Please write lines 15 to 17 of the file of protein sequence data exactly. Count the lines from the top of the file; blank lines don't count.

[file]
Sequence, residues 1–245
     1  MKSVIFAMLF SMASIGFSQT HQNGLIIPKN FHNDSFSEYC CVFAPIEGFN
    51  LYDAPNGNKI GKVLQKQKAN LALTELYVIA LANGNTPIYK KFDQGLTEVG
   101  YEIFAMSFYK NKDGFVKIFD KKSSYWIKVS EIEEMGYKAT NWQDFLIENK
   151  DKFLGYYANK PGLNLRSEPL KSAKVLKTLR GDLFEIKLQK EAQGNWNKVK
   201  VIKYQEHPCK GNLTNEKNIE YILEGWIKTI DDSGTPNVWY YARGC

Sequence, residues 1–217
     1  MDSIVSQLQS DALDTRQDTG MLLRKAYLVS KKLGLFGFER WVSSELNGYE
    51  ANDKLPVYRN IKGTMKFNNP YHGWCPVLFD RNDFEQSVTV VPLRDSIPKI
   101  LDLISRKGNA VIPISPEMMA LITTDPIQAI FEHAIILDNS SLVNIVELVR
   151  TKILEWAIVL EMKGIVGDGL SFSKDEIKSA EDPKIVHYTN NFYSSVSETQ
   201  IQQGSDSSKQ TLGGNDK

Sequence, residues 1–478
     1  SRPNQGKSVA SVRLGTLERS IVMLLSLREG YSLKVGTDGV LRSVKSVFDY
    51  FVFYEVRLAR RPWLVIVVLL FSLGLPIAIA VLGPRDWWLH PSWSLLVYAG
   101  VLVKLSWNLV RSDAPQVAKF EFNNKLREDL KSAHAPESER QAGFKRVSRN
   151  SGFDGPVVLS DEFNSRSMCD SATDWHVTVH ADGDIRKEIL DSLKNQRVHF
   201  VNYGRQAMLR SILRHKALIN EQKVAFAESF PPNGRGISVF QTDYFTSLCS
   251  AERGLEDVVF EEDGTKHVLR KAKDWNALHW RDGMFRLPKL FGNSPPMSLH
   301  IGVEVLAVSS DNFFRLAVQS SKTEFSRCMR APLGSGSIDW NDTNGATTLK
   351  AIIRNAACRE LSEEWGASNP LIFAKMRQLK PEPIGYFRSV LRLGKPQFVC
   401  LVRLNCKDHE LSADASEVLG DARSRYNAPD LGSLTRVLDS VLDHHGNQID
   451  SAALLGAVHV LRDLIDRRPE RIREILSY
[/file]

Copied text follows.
    51  FVFYEVRLAR RPWLVIVVLL FSLGLPIAIA VLGPRDWWLH PSWSLLVYAG
   101  VLVKLSWNLV RSDAPQVAKF EFNNKLREDL KSAHAPESER QAGFKRVSRN
   151  SGFDGPVVLS DEFNSRSMCD SATDWHVTVH ADGDIRKEIL DSLKNQRVHF